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Sordid Lives
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Genre:Comedy
Year:2000
Rating:R
Length:1h 51mins
Cast:Del Shores, Newell Alexander, Rosemary Alexander, Bonnie Bedelia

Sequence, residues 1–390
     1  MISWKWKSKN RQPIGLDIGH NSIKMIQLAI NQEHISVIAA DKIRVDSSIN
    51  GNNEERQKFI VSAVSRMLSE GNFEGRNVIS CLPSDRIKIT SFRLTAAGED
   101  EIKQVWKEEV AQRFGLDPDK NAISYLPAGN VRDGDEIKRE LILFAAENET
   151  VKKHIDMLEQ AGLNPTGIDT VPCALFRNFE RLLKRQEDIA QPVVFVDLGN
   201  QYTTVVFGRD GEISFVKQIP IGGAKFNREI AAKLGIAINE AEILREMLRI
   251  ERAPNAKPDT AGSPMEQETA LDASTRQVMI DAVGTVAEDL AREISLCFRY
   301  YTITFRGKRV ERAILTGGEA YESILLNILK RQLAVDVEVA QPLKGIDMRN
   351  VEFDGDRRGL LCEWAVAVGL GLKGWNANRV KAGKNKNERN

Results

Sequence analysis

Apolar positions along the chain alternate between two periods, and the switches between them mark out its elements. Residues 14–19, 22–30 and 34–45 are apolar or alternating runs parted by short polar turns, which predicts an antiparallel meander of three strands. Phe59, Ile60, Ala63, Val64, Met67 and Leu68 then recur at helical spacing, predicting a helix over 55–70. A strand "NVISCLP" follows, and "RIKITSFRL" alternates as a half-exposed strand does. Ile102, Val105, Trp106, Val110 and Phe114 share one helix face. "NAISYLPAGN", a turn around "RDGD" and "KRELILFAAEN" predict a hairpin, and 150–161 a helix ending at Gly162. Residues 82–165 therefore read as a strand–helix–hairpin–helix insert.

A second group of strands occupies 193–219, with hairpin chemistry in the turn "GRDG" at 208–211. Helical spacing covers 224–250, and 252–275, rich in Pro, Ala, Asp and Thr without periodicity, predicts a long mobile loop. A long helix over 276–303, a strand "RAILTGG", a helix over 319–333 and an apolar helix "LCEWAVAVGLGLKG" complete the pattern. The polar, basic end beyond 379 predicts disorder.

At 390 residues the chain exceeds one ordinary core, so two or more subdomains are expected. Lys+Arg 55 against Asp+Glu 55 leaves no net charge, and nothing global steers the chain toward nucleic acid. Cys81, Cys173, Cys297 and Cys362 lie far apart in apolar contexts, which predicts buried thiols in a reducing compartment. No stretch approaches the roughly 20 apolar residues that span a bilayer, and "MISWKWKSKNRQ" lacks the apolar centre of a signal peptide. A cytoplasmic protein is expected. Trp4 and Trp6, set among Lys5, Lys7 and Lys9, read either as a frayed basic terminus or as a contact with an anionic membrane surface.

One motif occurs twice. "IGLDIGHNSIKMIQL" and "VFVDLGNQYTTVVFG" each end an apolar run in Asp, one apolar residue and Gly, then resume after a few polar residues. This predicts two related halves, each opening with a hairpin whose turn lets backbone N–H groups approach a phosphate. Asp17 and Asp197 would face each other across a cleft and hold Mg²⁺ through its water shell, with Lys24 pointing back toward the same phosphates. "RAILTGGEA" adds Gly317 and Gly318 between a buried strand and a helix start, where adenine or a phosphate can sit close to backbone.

Sordid Lives, an over-the-top comedy written and directed by playwright Del Shores, serves up white trash with all the fixin's in home-fried style. The ensemble piece focuses on a dysfunctional southern family stirred into a frenzy by the death of their matriarch. That the old woman died in a motel room after tripping over her lover's prosthetic legs says more than enough about the family's pedigree. Flamboyant performances abound, including Beau Bridges as the amorous amputee and Delta Burke as his fried-chicken-chomping wife. But overlying this Deep South free-for-all is a more serious exploration of homosexuality, revealed in the therapy sessions of the dead woman's gay grandson (Kirk Geiger), who has tried, unsuccessfully, to keep his sexuality secret. Less inhibited about his proclivities is Brother Boy (Leslie Jordan), a flaming drag queen who's been institutionalized for 20 years, lip-syncing Tammy Wynette while an exasperated psychiatrist tries to "dehomosexualize" him. Jordan gives the most colorful performance in a film with a decidedly Day-Glo sensibility. The wild card in this mix is Olivia Newton-John, who plays a local honky-tonk singer with a surprisingly believable southern drawl and a flair for country crooning. Sordid Lives moves from satire to full-blown farce before taking a shot at emotional catharsis, and with such a wide tonal range, it almost bites off more than it can chew. But extremes redeem here, and Sordid Lives works as an unpredictably outrageous mouthful of gay-friendly fun. Gregory Baird

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